26th November 2012
As buying continues to be out of reach for many people across the UK, landlords and management companies are now receiving DIY and home improvement requests from tenants who want to turn rental properties into long-term homes.
Nearly a quarter (22 per cent) of UK renters have approached their landlord or management company about making changes to their property, rising to 43 per cent for those living in detached homes. Those living in studio flats are the next most likely to ask about changes (30 per cent) followed by those in terraced houses (25 per cent).
When it comes to paying for changes, nearly one in ten landlords (eight per cent) are happy to foot the bill, while 14 per cent would rather their tenants pay. The most common changes that renters make to rental properties are:
1. Redecorating to their tastes
2. Changing the garden
3. Structurally changing the property
Kevin Mathew, Head of Housing for Gumtree said: “With the economy as it is, many UK adults are facing the reality of being long-term renters. However, as the research shows, many people still want their rental property to feel like it’s their own home and are increasingly keen to make improvements to the property to achieve that.”
“This is good news for landlords – renters who treat your house as their own are more likely to take good care of it and add touches that will potentially even add value to the property. Plus, if you have happy tenants who have added personal flair to the house, they’ll likely stay in the property for longer, meaning less time spent on advertising and searching for new tenants.”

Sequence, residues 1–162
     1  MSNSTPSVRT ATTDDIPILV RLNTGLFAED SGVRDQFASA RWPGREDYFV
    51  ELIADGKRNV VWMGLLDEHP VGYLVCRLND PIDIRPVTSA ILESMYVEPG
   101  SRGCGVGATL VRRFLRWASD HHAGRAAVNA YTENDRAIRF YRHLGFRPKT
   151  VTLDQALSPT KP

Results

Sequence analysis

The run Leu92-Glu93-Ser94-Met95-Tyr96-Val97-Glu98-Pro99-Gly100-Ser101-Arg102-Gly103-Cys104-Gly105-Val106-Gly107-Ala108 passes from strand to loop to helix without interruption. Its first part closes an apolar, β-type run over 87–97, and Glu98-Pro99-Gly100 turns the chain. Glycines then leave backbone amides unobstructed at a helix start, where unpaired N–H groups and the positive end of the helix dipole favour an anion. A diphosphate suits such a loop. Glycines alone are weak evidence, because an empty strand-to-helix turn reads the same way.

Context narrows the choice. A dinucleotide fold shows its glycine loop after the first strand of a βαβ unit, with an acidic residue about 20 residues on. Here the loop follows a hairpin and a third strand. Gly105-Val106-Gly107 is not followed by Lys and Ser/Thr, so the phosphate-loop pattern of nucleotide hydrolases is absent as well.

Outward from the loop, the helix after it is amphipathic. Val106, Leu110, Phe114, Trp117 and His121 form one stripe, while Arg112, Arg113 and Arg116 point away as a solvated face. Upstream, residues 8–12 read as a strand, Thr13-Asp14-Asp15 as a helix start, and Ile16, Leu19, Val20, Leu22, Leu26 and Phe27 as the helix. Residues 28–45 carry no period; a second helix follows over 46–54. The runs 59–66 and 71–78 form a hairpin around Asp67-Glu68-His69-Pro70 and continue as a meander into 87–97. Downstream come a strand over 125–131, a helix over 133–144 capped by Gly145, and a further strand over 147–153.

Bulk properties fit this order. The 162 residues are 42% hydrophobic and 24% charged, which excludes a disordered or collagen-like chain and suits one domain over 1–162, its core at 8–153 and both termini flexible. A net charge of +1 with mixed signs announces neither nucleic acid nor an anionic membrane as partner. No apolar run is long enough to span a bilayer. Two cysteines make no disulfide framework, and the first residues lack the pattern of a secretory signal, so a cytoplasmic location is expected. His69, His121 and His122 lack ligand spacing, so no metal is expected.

Gumtree Media’s top tips for agreeing changes to your property with your tenants
- Be transparent from the start. This is the key to a good tenant/landlord relationship. Speak to prospective tenants about any changes they would envisage making to the property, should they move in, as early as possible.
- Be clear on the smaller things. Some tenants may not approach landlords for permission for seemingly small changes such as painting walls or putting pictures up. So rather than wrangling over the deposit when they move out, be clear about what they can and can’t do to avoid disagreements further down the line.
- If your tenants signal they want to make changes, agree these before the tenancy agreements are signed if possible. Once you have both agreed what you are happy with, enshrine this in the tenancy agreement. You then have peace of mind that changes you aren’t happy with won’t be made.
- Be accommodating – but stick to your guns. It can often be a sticking point as to whether the landlord or tenant should pay for changes. As the landlord you’re not under any obligation to make any changes that aren’t legally required – but do be open to contributing to changes that could add value to the property in future.
*Research carried out by Vision Critical – September 20 2012
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